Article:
Star pupil in 'Senate School' tries to maintain low profile

By Shannon McCaffrey, Associated Press, 12/6/2000

ASHINGTON - Flanked by Secret Service agents and pursued by a throng of reporters, Senator-elect Hillary Rodham Clinton made the short trip yesterday from the White House to Capitol Hill for an orientation dubbed ''Senate School.''

She joined 10 other freshman senators for a whirlwind day of seminars, tours, and class photos, capped off with a formal dinner at the Supreme Court building. Her date: the president.

The Senate's most famous new face kept a decidedly low profile most of the day, seemingly intent on ensuring she would not overshadow other freshmen. Capitol Police kept reporters away as she moved between meetings.

''It's been great'' was all Clinton would say as she rushed into the Senate lunch, a huge smile on her face.

At one point, as photographers penned behind a rope line craned for a view of her leaving the Old Senate Chamber, Clinton and her Secret Service detail ducked down one of the Capitol's many back corridors.

''She's done a very good job of trying not to single herself out or act in a way that appears to be self-promotive,'' said New Jersey Senator-elect Jon Corzine, a Democrat who spent a record $65 million to win his seat.

Senator-elect Debbie Stabenow, Democrat of Michigan, agreed.

''She has been really sensitive to the fact that a lot of focus comes with her being here, and I think she's really working hard to be a member of the team and not to be the center of attention,'' said Stabenow, who is now a member of the House.

Clinton is among a record four women in this year's 11-member freshman class. The class includes nine Democrats, two Republicans, three millionaires, three governors and a widow.

Incoming senator Jean Carnahan was appointed Monday by Missouri Governor Roger Wilson to replace her husband, Governor Mel Carnahan, who was killed Oct. 16 in a plane crash but still beat incumbent Republican John Ashcroft on Election Day. The appointment will take effect Jan. 3.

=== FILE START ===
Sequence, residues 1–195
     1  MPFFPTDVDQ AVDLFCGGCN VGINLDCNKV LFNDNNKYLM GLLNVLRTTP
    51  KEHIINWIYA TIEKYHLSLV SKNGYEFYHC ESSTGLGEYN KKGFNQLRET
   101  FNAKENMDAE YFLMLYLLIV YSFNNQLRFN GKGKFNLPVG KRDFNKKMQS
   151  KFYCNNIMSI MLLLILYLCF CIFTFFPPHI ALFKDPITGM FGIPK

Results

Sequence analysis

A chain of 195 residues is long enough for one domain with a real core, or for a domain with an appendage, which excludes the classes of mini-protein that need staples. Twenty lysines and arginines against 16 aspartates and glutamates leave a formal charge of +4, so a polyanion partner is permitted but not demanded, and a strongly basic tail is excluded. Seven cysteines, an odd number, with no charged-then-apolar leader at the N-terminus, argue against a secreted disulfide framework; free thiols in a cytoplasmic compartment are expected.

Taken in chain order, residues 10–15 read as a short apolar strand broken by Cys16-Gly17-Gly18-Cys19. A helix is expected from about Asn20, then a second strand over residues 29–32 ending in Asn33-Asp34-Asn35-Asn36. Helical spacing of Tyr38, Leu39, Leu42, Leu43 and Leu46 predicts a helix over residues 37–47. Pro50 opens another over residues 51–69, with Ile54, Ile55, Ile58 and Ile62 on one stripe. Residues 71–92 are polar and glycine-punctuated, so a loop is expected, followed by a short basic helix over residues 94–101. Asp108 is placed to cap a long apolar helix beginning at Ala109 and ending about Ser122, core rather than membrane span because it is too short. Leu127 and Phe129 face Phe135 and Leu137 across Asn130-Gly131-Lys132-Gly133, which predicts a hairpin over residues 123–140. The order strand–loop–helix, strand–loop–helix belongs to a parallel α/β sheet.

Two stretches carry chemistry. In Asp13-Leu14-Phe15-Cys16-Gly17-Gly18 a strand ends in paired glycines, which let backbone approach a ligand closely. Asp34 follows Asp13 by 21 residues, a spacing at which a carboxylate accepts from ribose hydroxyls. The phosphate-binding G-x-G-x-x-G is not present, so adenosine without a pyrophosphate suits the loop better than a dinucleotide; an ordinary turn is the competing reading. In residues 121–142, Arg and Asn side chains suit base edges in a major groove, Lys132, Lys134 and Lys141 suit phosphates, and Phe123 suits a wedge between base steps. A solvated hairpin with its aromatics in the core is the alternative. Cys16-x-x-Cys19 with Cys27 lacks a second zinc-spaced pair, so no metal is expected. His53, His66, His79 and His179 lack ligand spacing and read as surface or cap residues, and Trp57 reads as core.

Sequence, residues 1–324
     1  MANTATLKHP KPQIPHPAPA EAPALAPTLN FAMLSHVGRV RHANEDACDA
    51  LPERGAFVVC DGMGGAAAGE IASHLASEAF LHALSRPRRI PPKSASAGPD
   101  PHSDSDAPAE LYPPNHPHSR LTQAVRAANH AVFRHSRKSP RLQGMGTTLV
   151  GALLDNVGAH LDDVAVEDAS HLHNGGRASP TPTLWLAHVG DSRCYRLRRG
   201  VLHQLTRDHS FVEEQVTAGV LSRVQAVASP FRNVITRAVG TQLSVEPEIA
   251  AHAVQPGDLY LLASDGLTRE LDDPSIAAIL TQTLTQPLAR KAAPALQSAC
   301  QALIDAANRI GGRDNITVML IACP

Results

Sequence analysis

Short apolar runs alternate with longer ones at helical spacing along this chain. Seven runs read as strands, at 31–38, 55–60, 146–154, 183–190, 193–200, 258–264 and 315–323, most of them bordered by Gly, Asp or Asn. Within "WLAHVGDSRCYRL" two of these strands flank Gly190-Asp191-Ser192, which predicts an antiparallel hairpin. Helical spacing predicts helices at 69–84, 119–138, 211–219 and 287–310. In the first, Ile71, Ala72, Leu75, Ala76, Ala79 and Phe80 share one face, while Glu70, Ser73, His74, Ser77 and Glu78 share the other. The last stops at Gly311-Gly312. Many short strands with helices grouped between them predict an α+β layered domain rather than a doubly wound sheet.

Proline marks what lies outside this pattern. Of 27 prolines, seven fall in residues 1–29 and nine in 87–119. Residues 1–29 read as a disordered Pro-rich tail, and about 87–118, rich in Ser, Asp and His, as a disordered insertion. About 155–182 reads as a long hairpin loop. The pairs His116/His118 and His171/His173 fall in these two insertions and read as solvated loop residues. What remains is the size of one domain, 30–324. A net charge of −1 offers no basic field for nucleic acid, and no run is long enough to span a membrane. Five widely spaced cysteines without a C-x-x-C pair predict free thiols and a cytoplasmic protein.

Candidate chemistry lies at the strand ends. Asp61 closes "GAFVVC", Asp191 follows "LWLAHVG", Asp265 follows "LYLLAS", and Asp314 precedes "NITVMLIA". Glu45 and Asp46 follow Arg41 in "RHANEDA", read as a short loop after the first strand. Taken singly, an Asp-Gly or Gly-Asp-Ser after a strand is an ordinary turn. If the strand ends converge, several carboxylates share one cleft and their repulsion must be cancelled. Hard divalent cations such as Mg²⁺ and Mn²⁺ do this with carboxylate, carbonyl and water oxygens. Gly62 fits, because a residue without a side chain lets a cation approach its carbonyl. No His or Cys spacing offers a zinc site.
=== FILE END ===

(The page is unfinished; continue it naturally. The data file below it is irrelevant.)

Carnahan, who like Clinton has never held public office, said she chatted with the first lady during orientation.

''She's looking for housing, like we are,'' Carnahan told reporters before entering the office of Missouri's senior senator, Republican Kit Bond.

The nine freshman Democrats began the day at 8:30 a.m. with coffee in Senate minority leader Thomas A. Daschle's office. They then trailed Daschle, Democrat of South Dakota, to Senate majority leader Trent Lott's office for more coffee.

Lott, Republican of Mississippi, struck a more conciliatory tone toward Clinton than he had shortly after her election, when he said she'd ''have to get used'' to being one of 100 members.

''When she raises her hand and says, `I do,' she's a senator. And she'll be treated accordingly,'' Lott said yesterday. ''And she, I'm sure, is going to be a very diligent senator, work hard, get committee assignments where she has a real interest, and will be a very important part of this body, just like every other senator is.''

Clinton has expressed an interest in serving on the Finance, Appropriations and Education committees, but it's unclear what she might get.

The incoming senators attended a seminar on life in the Senate that addressed ''issues such as staffing, scheduling, early frustrations, and common mistakes.'' Then they received a tutorial by the Senate's unofficial historian, Senator Robert Byrd, Democrat of West Virginia, on the formation and history of the Senate.

A photo session for Talk magazine occurred before dinner.

President Clinton skipped the luncheon for the incoming senators' spouses, largely because of the immense security that would have been needed in the Capitol.

Mrs. Clinton's spokesman, Howard Wolfson, said she spent much of the day awestruck. ''She was excited,'' he said. ''She sounded like she was going to her first day of school.''